Here I want to pay tribute to this comrade: Jamit Singh fought for what was fair and what was right and paid a very heavy price for his conviction and courage. Jamit, your struggle was not in vain; your fine example will continue to inspire us.
The workers’ struggles for their human and labour rights were naturally viewed with sympathy by the Chinese middle schools students who had been through the baptism of bruised and broken bodies on May 13th. They knew what it was like to be the underdogs fighting for their human rights to be respected. Hence, the Harbour Board white and blue collar workers and Jamit Singh received expression of solidarity from the Chinese middle schools students. A good number of students turned up at the picket lines to offer sympathy and support.
Around the beginning of 1955, the majority of the workers in Hock Lee Bus Company decided to form a branch of the Singapore Bus Workers Union that was led by Fong Swee Suan, Chen Say Jame and Lim Teow Peng. They did not want to be represented by the yellow union set up by management. However, management refused to recognize the genuine workers’ union and would only deal with its own workers’ union. An industrial dispute ensured. It was momentarily settled when the two unions agreed to arbitration presided over by a neutral party who was Dr Gamba of the University of Malaya. His proposal to carve out bus routes was accepted by both unions. The ink was barely dry on the agreement, when under pressure from management the yellow union changed its mind. This obviously resulted in further industrial disputes. The management then sacked the striking workers and brought in scabs to forcibly drive the buses out. The sacked workers – with their livelihood gone – decided to prevent the buses from leaving the depot. Water hoses were turned on them.
Again this strike received the overwhelming support from the Chinese middle schools students. They brought food and drinks to the striking workers to reinforce their spirit. Other workers turned up too in support and solidarity.
The police moved in to beat and arrest the resisting Hock Lee bus workers. Scuffles broke out. And then, there was a gunshot and an unarmed student was tragically killed. These were the real days of tears and righteous indignation where students and workers stood up for their basic and legitimate human rights, where the people of Singapore stood up against their white colonial masters.
Today, 60 years on, the Singapore authorities are denigrating these days of righteous indignation as days of rage with their version of destruction and mayhem instigated by the hidden hand of the MCP – the sinister bogeyman that they touted every so often. Nothing could be further from these cheap official propagandas.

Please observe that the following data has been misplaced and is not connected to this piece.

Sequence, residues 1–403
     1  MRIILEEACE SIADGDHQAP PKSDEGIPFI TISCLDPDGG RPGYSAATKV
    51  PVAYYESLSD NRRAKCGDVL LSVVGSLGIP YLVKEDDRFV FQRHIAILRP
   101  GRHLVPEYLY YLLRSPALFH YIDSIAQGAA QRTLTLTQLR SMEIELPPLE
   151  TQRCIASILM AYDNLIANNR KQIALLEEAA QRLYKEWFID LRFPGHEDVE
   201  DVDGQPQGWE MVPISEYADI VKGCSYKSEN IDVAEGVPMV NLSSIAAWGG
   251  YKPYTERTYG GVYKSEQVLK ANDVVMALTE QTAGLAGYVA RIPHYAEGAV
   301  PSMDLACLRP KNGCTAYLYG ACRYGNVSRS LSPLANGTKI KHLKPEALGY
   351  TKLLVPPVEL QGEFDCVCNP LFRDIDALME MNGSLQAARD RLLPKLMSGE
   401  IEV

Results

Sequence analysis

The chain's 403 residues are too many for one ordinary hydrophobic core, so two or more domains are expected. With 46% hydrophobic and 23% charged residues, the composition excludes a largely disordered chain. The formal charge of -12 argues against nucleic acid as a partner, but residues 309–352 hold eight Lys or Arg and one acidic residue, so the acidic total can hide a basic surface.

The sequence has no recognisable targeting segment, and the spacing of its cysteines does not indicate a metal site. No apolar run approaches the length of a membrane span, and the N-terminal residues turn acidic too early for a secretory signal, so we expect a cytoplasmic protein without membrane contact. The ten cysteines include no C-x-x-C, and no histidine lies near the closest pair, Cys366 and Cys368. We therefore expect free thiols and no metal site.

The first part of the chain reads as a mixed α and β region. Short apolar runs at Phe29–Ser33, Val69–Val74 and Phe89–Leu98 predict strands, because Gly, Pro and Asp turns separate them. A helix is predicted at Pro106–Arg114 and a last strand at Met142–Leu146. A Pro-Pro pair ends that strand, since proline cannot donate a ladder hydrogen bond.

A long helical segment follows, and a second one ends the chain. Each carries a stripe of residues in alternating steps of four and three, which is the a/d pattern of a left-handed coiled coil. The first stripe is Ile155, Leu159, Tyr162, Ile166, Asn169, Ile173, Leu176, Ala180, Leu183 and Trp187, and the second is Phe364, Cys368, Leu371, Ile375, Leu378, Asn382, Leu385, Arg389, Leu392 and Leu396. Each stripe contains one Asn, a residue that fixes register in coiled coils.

Devan Nair was – ironically now on looking back – a union leader of the left in the midst of all these happenings. It may be fitting at this moment for me to say to his son, Janadas: I hope your father had not said to you that Chin Siong had told him that the communists were behind May 13th 1954 or the Hock Lee bus workers’ strike. Lim Chin Siong is no longer alive and it is not fair to attribute statements to him that cannot be verified.
Dr. P.J. Thum has confirmed that Special Branch reports for 1954-1955 reveal that the MCP did not instigate either the 13 May student protest or the Hock Lee Bus strike and riot.
In the mid 1990s, I went to London to look up the British archives. My main purpose was, of course, to look at the then recently declassified material on Operation Coldstore of which I had been a direct victim. I went through the files on the Hock Lee bus rioting and found NO mention of any communist complicity or manipulation in the strike or riot. Yet, 2 profiles in the files caught my attention.
Serial No. C5 Tang Thiam Meng S4T 03943 Bus driver (Communist) 1955. One of the principal agitators in the Hock Lee Bus strike. Responsible for spreading communist ideology among STC bus workers. Active in riots 1956. Released in 1958 and immediately reverted to his old union activities. Joined STC employees union, now in the Central Council. A strong supporter of Ong Eng Guan. Committee member of Aljunied branch, U.P.P.
Serial No. C6 Na Ho alias Wong Ho alias Wong Or S2Y 6230 Taxi driver. Suspected communist sympathizer. Official of Hock Lee branch of Singapore Bus Workers Union. Active part in October 1956 riots. Detained October 1956, released on DIRECT ORDER 4 March 1957. Now CEC member UPP and chairman of Tiong Bahru branch. [Emphasis mine. Source: I.S.C. paper No. (S)(63)1; 24 January, 1963; telegram 57]
These are very interesting profiles indeed. Both men C5 Tang Thiam Meng and C6 Na Ho were allegedly communist or pro-communist; both were accused of being active or making trouble in the Hock Lee bus strikes and subsequent riots. Yet both were treated with kids’ gloves. C5 Tang received an amazingly short imprisonment not exceeding two years while the treatment of Na Ho, was even more incredible. He was released after a few months on DIRECT ORDER!
All of us who have been detained – none had been released on Direct Order. You and I know that this option did not exist for us at all. I, therefore, suspect these men to be British agent provocateurs of the so-called Days of Rage.
My suspicion that C5 and C6 were agent provocateurs was reinforced when, fast forward from 1956 to early 1963, I read of Lord Selkirk, (the British High Commissioner for Singapore) declaring to his boss, the Secretary of State for the Colonies, that:
… The U.K. government for its part is not prepared to agree to the inclusion in the list, of Numbers C4, C5 and C6 for which there is no security justification. [Lord Selkirk to Secretary of State for the Colonies, telegram No. 59; 29 January 1963]